I could feel that the bone above the knee was flat, not what I expected. I worked with the bone trying to get it back in place. After a few minutes, I got Pat to pull on the leg as I tried to get the bone in place. As she pulled, I was able to move the bone a little. We cut the tee shirt into strips (we looked for some cotton padding but settled for the tee shirt) and wrapped the leg from the top of the hoof to six or so inches above the break then wrapped the leg with vet wrap. Next we placed half of the PVC below the leg and place the other half on top and secured with duck tape.

We released the goat and she got to her feet. The foot was still dangling a little but was not moving around as she hopped back to the feed. We knew that, with all the swelling, the vet would only immobilize the leg; and since it was Memorial Day, we also knew the vet would not be available.

Tuesday morning, I call the Vet and talked to him about the leg. He suggested I give her an aspirin every 12 hours. I got an appointment for her to see him on Wednesday.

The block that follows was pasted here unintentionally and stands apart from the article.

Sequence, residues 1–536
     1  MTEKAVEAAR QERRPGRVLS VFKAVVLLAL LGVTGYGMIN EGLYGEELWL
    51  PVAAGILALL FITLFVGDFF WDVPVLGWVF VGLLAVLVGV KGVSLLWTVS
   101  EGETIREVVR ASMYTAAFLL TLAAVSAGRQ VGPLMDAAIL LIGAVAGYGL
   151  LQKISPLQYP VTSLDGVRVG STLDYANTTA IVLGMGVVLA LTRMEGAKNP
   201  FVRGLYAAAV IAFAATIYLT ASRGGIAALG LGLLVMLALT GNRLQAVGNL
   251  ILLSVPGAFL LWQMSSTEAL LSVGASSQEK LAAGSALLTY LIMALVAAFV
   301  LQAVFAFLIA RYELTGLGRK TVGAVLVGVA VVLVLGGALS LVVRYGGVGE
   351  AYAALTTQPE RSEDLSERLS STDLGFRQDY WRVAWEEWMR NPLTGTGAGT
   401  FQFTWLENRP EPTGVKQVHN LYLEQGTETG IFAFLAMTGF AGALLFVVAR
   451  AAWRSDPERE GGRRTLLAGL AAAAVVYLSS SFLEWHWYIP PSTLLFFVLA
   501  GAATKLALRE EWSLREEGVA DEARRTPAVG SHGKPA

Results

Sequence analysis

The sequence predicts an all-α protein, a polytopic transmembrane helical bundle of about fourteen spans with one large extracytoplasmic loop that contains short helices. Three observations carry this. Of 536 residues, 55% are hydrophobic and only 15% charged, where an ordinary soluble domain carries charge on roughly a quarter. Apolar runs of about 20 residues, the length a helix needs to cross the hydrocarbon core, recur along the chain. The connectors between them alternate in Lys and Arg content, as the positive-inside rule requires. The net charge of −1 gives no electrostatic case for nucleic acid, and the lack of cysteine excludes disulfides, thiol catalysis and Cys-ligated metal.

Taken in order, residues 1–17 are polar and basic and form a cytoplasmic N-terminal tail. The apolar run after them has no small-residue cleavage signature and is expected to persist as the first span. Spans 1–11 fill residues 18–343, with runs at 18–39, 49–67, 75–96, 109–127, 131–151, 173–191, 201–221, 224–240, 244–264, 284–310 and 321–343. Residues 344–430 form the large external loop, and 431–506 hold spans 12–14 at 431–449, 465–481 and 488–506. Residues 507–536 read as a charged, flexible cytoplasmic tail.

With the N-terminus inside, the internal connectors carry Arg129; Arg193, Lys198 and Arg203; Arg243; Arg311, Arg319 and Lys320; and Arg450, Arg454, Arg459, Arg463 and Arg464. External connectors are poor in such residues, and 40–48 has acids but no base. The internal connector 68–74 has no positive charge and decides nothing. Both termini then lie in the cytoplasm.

Wednesday morning we loaded the doe in the trailer and headed to the Vet’s. He checked the splint we had put on the leg and commented that it was a good job. He gave her a shot of 10 mg Xylazine to help her “be easy.” After a few minutes, she was breathing easy when he returned with his casting supplies. He removed the splint and started feeling to find the break. He had told me on the phone that the break sounded like it was at the growth plate and he confirmed it with his exam - she had broken her right distal antebrachium. After getting the leg realigned, he wrapped the leg from the hoof to the shoulder with cotton padding, making sure to keep the leg aligned the way he had set it. He wrapped 4 inch Delta Lite casting around the leg, again starting with the hoof and working toward the shoulder, overlapping each round about three inches. He rubbed the casting every few minutes and continued. He followed that with 3 inch Delta Lite, starting again at the hoof and working toward the shoulder. After he finished with the casting material, he rubbed it with his gloved hands to smooth it out. He put vet wrap over the casting material, being careful to insure the shoulder was padded so the cast would not rub the body and cause an infection. When finished, he gave her a shot to bring her out of her stupor. She stood almost immediately, a little disorientated but on her feet with four legs to put weight on.